Operators Should Embrace SVOD to Attract Next Generation

SAN ANTONIO, Texas -- Operators should embrace subscription video-on-demand services, making it easier for younger viewers to access their Netflix, Amazon Prime Video or Hulu subscriptions, a duo of researchers told attendees at the NCTC Winter Educational Conference here Monday.

Parks Associates senior director of research Brett Sappington noted that most users of SVOD services like Netflix, Amazon and Hulu are younger (aged 25-34) and have been in their homes less than 12 months, adding that people who have SVOD subscriptions also have some form of pay TV service.

Sappington said the fastest segment among video consumers are households that are taking two, three and four services, so they aren’t averse to paying for content, they just don’t want to pay or what they don’t want.

“People that love video pay for video,” Sappington said.

Read More: Additional Coverage of the NCTC Winter Educational Conference

Hub Entertainment Research president Peter Fondulas pointed out that SVOD usage is growing as well as the number of services they use. But according to Hub’s research, live TV is still the first thing that most viewers turn on when they want to watch content. According to Hub’s research, 47% of respondents went to live TV first, followed by Netflix (19%) and the DVR (13%).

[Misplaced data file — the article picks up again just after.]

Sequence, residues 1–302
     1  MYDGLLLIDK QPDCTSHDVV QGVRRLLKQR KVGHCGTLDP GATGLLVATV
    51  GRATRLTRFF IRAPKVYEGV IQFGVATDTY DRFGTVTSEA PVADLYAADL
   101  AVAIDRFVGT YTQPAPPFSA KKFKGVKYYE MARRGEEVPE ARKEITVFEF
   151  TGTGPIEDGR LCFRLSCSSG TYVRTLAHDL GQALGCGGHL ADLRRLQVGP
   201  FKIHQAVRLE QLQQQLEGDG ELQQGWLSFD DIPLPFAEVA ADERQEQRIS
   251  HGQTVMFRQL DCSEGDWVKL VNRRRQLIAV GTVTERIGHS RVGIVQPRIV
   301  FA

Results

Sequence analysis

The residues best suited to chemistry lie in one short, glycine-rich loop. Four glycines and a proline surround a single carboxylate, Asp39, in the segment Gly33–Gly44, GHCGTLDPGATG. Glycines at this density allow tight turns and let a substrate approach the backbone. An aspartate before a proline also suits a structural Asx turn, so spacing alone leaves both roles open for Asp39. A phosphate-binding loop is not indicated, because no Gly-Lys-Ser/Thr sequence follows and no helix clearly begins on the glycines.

Pay TV distributors can tap into the younger SVOD market in several ways, he added. Partnering with SVOD providers through promotions – offering six months of free Netflix, for example – is the easiest. Next is actively selling a service alongside of or as a replacement for existing service – like Amazon is doing with Amazon Channels – followed by bundling an SVOD product with broadband or integrating SVOD apps into set-top boxes.

Sappington said that distributors should be open to forming partnerships with SVOD providers, as well as leveraging industry innovation; tying tech products like TiVo or Roku to their brands will uniquely address customer needs.

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Fondulas said another plus would be making more episodes and seasons available for binge watching, as well as making it easier for customers to find shows they might like.

“People worry that there are shows they will love that they’ve never heard about,” Fondulas said. “This is creating opportunities for companies that can aggregate across sources. Pay TV operators are already taking advantage of the opportunity.”

He noted Comcast’s and Cox Communications’ moves to integrate the Netflix app into their set-tops, adding that other ways to attract the next generation of viewers is to offer slimmed down bundles of programming to address content proliferation, as well as considering incorporating other online platforms into the set-top to keep viewers in the ecosystem.

“Pay TV is not dead,” Fondulas said.